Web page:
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Big Hospitals Sue HHS

Posted by Emerald Coast Medical Association on Feb 1, 2019 6:00:00 AM

Hospitals are beginning to follow in the footsteps of the American Hospital Association and are suing the Trump Administration for its decision to institute site-neutral payments.

The change, which is part of the Outpatient Prospective Payment System (OPPS) and Ambulatory Surgical Center (ASC) Payment System rule-making for 2019, would lower reimbursements for hospital outpatient department services to match rates set by the physician fee schedule for clinic visits. This would mean lower costs for a patient's insurance. However, hospitals would lose about $380 million in 2019 alone and possibly up to $760 million in 2020.  The colossal loss of money is causing an uproar with (as of right now) 38 hospitals signing the lawsuit.

This isn't even helping the patient from what CMS Administrator Seema Verma says, "It doesn't make sense for taxpayers, and it certainly doesn't make sense for patients because they end up having to pay more depending on the site of service."

However, this can be looked at as taking down the money hungry hospitals. University of Michigan health law professor Nicholas Bagley was among the observers who praised the Trump administration for the proposal, saying CMS is "picking a fight with powerful hospitals because it's the right thing to do." The site-neutral payments would mean, hospitals would have to offer the same care at lower prices.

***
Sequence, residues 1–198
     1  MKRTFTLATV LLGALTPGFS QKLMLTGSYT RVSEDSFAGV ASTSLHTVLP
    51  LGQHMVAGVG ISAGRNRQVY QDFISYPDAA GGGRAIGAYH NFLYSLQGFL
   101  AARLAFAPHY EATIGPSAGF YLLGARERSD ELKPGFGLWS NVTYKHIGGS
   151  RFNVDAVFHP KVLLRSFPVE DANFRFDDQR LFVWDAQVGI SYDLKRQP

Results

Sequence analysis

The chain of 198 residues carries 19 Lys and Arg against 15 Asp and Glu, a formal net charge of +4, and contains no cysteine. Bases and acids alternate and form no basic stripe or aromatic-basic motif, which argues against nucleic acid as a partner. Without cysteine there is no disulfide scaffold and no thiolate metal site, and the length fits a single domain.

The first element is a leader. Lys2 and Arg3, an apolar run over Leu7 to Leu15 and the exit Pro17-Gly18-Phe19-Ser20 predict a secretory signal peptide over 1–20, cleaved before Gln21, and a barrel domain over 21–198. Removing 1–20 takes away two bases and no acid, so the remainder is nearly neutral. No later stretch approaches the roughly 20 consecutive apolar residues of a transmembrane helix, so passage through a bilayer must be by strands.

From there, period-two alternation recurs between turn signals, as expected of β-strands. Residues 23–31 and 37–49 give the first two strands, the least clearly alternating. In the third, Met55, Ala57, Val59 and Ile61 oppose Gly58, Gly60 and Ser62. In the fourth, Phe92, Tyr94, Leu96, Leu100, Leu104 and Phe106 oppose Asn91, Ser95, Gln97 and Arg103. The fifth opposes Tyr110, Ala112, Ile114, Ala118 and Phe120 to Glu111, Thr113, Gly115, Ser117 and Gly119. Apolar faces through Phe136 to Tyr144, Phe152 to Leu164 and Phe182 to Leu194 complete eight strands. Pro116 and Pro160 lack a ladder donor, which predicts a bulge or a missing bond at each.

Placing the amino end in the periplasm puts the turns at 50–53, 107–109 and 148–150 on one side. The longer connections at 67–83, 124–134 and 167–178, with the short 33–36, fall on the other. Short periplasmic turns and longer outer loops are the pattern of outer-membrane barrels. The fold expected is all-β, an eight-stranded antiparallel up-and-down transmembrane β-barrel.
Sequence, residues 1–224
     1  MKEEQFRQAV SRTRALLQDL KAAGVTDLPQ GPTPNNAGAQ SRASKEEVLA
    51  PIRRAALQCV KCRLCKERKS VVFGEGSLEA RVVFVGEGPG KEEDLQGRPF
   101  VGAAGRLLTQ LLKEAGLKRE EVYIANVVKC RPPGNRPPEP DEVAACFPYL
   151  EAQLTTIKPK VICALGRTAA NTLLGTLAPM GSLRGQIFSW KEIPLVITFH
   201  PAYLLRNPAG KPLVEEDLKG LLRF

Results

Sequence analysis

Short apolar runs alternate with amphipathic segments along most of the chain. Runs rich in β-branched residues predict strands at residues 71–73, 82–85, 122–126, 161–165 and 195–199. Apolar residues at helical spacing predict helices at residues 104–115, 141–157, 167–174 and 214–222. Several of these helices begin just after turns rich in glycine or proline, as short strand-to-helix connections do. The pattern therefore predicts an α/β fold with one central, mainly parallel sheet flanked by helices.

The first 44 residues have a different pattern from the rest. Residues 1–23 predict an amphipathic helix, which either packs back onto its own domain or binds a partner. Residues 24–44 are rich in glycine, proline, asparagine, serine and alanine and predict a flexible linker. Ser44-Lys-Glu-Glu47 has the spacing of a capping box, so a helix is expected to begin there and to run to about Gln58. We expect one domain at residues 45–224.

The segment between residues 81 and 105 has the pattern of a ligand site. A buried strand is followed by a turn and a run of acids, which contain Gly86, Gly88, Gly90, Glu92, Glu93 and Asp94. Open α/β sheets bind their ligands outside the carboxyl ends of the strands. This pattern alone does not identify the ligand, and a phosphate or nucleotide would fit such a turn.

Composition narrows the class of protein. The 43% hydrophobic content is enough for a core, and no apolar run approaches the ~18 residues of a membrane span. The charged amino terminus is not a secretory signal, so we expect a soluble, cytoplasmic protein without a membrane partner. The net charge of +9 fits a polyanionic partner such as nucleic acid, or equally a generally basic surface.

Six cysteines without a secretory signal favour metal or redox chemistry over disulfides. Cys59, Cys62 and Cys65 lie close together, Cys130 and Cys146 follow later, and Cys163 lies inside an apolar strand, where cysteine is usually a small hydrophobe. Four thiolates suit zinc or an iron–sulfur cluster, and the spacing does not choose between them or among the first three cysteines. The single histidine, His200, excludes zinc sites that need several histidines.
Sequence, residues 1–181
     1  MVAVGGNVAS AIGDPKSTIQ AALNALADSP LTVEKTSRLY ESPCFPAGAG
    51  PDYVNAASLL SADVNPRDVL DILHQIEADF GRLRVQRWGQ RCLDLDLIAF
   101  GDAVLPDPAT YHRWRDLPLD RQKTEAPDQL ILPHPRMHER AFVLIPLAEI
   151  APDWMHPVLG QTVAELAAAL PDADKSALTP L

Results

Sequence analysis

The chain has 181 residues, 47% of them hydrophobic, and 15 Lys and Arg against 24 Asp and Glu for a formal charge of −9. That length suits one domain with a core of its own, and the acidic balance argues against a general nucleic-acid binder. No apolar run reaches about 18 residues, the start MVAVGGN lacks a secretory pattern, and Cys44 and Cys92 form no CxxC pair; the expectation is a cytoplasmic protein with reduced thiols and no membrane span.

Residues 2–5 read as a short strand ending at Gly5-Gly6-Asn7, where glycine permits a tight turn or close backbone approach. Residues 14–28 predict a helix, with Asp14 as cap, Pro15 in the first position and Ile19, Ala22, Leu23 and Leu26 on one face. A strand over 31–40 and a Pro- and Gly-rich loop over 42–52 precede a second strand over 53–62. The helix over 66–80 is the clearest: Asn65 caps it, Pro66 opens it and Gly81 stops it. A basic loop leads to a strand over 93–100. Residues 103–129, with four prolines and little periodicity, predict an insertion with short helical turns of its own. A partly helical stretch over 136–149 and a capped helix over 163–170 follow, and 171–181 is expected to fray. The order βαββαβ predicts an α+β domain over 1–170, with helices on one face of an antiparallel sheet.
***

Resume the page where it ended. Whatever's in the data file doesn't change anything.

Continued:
The previous system had Medicare paying higher rates for services provided at the hospitals outpatient facilities. The Centers for Medicare & Medicaid Services projects the policy change will save the beneficiaries $150 million in co-payments annually; dropping the average copay from $23 to $9.

"The different payment rates also pushed hospitals to purchase independent practices to increase their reach and take advantage of the higher reimbursement rates," Verma said. "Neutralizing payments would increase provider competition." Competition could potentially turn into one hospital bettering the others, just because they have more resources and more funding.

However, Farzad Mostashari, MD, co-founder, and CEO of Aledade, said in a series of tweets that hospitals will fight the OPPS rule "bitterly" but that there could be a long-term benefit for them in it.

"The truth is that this proposal could help hospitals be more competitive in value-based contracts/ alternative payment models, and they should embrace the changes," Mostashari wrote. "If rural hospitals or AMCs need subsidies, then we should do it directly, not through distorting payment policies."

Here at Emerald Coast Medical Association, we care about your health too. Since 1981, over 50 local physicians banded together to create a Physician’s Security and Benefit plan.

The primary goals are:

  • Provide affordable health insurance to employees, physicians, and their families

  • Upon the death of a physician, provide insurance for the spouse and children of the physician

  • Use each others’ premium dollars to pay claims for those physicians and their family members who had serious medical conditions

  • To provide a premium-rating schedule that did not discriminate against those physicians and their employees who had incurred large medical claims

  • Avoid implementing “gatekeeper” type “managed care” features

  • Promote access to virtually all providers in and out of the state

  • Establish a stable alternative to those carriers who often abandon the insurance marketplace

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Topics: News, Insider, Group Health Plan, Medical Law, Medicare, Doctor-Patient Relationships, Affordable Healthcare

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